Harris' Broadcast Division Divestiture—Some Corporate History
May 3, 2012
The announcement by Harris in its Fiscal 2012 Third Quarter Results that it had approved a plan to divest its Broadcast Communications business has already been widely reported. I thought it worth mentioning here, due to the critical role that Harris has served as a major, if not dominant, player in the U.S. TV transmitter and Mobile DTV areas.
Harris has yet to name a buyer of its broadcast business, although it did state, "Following the close of the quarter, the company approved a plan to divest Broadcast Communications. As a result, current and prior period financial results for Broadcast Communications will be reported as discontinued operations beginning with the fourth quarter of fiscal 2012."
This language indicates the divestiture will happen sooner rather than later. The Harris Broadcast division will join the many transmitter companies that have seen a change of ownership. Comark went through several changes, ending up as Thomson Broadcast. Another transmitter company, Axcera, was started by ex-RCA engineers under the name ITS. It was purchased by ADC and operated under their name until it was sold to an investment group and adopted the Axcera name. The transmitter business is difficult. Even some well established companies (RCA and Townsend are two that I remember) don't survive.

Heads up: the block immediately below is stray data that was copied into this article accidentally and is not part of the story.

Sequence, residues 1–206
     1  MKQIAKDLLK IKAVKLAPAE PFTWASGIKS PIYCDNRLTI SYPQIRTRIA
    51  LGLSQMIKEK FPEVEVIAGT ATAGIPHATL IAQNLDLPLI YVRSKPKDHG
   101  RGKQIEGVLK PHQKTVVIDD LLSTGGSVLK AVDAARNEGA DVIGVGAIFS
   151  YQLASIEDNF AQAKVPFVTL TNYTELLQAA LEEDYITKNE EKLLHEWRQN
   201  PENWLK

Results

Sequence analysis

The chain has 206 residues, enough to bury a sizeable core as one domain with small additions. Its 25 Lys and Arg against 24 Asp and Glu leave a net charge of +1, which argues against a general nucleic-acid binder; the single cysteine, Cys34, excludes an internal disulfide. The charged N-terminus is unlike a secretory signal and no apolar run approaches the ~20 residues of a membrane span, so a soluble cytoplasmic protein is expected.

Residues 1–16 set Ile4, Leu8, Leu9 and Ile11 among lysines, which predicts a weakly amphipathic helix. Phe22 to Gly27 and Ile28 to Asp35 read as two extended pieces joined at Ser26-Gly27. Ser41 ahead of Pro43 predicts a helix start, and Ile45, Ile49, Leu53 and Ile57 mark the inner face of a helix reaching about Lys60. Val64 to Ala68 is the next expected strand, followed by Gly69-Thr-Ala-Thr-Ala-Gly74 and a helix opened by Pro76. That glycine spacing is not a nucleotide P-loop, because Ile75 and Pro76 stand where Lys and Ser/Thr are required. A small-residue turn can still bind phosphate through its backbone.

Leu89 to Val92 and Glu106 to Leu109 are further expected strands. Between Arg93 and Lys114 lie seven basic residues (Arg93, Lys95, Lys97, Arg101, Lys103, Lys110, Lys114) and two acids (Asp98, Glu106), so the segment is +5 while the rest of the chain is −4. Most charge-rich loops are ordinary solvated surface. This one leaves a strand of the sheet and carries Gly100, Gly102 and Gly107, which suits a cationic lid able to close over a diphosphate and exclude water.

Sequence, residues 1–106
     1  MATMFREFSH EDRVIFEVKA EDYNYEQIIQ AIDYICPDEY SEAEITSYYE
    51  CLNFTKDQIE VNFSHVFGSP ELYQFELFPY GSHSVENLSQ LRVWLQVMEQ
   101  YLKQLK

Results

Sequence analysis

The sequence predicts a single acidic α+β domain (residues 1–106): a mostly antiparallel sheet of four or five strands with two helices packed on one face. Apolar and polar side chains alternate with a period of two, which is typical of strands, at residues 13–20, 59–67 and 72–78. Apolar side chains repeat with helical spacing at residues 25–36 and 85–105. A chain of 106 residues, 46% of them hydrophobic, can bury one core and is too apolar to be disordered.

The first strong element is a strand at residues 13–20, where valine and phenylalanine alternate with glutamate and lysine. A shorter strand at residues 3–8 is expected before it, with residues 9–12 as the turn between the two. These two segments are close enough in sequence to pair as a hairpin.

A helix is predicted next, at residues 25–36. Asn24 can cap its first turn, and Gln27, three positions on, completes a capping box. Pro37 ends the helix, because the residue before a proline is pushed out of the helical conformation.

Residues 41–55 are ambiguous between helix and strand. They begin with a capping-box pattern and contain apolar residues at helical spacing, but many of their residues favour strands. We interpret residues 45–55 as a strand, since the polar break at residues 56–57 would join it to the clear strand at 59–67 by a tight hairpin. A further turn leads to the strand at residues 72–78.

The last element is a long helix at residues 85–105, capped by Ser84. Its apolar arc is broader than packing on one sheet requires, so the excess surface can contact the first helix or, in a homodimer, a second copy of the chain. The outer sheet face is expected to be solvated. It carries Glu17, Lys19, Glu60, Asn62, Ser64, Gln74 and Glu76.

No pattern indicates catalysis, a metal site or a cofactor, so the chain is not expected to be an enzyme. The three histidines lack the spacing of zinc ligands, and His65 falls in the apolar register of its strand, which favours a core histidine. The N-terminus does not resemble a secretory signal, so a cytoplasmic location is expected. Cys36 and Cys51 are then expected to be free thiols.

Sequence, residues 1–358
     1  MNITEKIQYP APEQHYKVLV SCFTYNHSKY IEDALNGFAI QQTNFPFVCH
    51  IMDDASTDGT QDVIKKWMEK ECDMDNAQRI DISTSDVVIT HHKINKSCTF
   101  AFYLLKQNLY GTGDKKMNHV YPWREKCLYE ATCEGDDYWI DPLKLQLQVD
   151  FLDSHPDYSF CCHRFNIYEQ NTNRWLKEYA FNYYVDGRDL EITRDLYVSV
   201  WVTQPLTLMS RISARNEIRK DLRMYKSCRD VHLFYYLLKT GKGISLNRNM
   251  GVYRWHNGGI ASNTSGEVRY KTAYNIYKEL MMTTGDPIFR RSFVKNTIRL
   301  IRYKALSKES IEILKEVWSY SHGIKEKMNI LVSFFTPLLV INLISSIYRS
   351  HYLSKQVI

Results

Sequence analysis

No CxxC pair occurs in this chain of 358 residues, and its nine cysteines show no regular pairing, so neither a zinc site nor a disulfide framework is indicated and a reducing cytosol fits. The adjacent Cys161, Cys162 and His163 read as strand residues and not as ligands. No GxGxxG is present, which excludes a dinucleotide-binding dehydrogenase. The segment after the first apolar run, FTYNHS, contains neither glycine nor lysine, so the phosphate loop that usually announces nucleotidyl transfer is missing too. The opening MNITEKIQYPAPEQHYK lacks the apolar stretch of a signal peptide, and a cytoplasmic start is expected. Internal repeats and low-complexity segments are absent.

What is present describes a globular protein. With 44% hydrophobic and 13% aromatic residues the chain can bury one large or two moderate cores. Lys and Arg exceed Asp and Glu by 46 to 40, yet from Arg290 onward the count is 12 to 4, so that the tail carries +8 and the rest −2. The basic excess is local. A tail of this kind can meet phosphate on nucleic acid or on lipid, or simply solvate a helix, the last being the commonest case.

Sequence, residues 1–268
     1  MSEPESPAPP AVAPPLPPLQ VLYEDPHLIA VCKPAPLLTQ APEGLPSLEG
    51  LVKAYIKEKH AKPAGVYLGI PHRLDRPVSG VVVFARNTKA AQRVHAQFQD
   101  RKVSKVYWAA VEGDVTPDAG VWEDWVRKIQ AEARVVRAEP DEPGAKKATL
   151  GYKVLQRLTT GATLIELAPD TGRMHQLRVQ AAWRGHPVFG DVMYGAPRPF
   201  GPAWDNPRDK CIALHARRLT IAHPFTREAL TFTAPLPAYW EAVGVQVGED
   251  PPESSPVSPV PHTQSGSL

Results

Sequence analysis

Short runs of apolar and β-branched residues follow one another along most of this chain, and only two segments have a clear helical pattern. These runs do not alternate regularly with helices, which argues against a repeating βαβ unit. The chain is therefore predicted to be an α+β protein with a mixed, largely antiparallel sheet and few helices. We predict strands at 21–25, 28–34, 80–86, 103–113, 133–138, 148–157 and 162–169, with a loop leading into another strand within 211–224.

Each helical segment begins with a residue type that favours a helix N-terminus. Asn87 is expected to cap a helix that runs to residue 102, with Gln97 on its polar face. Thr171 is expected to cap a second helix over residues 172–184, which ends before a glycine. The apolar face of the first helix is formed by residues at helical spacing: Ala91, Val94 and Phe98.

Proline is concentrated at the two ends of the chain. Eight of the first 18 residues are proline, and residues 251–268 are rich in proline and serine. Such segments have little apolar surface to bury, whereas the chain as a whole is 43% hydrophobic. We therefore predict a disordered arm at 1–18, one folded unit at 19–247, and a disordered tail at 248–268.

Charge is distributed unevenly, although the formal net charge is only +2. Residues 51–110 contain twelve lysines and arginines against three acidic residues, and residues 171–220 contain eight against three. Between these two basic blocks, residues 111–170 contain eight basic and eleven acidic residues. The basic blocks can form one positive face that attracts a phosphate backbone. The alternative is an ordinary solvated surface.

Harris Intertype purchased its transmitter division from Gates Radio in 1957 and used the Gates logo until 1975. A reprint of a Broadcasting article from Nov. 10, 1969 (the first link on the Gates Harris History Web page), says that Gates Radio was founded in 1922 by Parker Gates' father, Henry C. Gates, so his only son, a "wireless bug," would have a career in the field he liked most. The Broadcast Archive covers the history of Gates Radio, including its acquisition by Harris and criticism of Harris' effort to cut costs at the Quincy plant. There are also photos of the Gates and Harris transmitters--mostly radio.
Perhaps the new owners of Harris Broadcast will decide to return the Gates name to the venerable Quincy Illinois transmitter manufacturer.
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